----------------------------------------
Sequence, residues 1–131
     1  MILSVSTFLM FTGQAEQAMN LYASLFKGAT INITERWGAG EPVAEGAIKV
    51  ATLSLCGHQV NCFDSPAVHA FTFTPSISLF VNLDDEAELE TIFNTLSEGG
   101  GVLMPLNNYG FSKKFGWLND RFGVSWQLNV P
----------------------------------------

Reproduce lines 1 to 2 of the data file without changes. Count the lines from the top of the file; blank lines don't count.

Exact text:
Sequence, residues 1–131
     1  MILSVSTFLM FTGQAEQAMN LYASLFKGAT INITERWGAG EPVAEGAIKV